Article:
Everyone can see that our national health and well-being is declining in proportion to our disobedience to and rejection of God’s Law.  Our national leaders have cut us off, pluralistically, from any connection to God and His Law-Word.  And our Churches are begging for miracles!  The Churches are hysterically begging for signs of condemnation and judgment!  And Jesus says, “I’ve already done that!  And I’ve already broken the Bread of Life to the nations!  Open the Book and read it!  Worship and fear God and obey His Commandments!  You’ve already abandoned the health and well-being of the nation to a pluralistic state, so how do you expect to change in a moment what you, yourself, have done over the last hundred years?”  “Abandon your mysticism and your spiritual/physical dichotomy, beg God for His pity and restoration, and read what the Book says!  And then go and do it!”

I’ve said enough about that.  We need to get to the text, now, and, for the few remaining minutes, begin to look at the next great event in the healing and restoration of God’s people.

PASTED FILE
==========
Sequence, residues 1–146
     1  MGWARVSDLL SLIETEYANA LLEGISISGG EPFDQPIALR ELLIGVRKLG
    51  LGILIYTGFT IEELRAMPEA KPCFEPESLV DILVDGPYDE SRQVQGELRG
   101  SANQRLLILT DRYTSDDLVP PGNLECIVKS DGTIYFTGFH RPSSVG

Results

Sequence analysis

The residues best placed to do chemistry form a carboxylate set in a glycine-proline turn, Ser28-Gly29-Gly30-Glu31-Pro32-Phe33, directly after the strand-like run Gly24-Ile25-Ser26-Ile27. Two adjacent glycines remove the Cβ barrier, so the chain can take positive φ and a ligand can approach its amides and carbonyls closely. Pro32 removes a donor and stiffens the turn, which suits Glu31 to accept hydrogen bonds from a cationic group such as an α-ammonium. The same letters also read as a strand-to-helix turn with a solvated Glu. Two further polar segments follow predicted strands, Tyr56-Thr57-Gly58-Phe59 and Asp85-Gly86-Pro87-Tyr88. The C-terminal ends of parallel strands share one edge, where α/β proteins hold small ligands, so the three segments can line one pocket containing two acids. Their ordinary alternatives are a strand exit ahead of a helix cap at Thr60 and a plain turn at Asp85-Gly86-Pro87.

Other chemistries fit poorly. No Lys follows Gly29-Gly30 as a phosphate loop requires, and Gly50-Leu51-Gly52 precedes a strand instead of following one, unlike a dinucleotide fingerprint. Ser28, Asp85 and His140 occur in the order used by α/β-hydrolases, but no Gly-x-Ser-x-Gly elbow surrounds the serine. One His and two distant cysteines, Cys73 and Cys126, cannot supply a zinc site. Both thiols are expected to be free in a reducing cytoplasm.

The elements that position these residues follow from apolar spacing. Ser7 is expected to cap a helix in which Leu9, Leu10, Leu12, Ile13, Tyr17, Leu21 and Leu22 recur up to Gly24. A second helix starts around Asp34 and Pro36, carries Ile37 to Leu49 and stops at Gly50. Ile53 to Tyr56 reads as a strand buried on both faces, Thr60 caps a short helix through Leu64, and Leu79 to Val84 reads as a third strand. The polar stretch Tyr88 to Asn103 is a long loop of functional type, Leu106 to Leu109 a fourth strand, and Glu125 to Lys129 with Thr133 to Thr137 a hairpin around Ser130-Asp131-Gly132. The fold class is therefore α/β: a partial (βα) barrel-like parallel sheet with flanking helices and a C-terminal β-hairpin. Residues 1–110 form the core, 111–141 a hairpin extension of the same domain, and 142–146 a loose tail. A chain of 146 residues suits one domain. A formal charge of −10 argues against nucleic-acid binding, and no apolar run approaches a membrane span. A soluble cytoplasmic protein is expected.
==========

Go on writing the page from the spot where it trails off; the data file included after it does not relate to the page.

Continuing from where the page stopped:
Verse twenty-nine: 


“And having departed from there Jesus came to the Sea of Galilee; and having gone up into the mountain He was sitting there.”


Now, Mark lets us know that, having left the area of Tyre and Sidon – where He met the Canaanite woman – Jesus traveled Eastward, up around the north of the Sea of Galilee, through the area of the Decapolis (which is the ten cities established by Rome) and came to the Northeastern shore of the sea.  This was an area in the vicinity of the two places where He had been before on the eastern shore – Bethsaida and Gadara.  It was an area of pagan wilderness, but still in the tetrarchy of Herod.  And, as Matthew says, after He came to the sea He climbed up into the mountain and sat down.

And, as usual, huge crowds found Him.  Verses thirty and thirty-one:


“… and came to Him large crowds having with them crippled, blind, crooked, dumb and many others; and they cast them down at His feet and He healed them, so that the crowd to wonder – seeing dumb speaking, crooked sound and crippled walking around and blind seeing!  And they glorified the God of Israel.”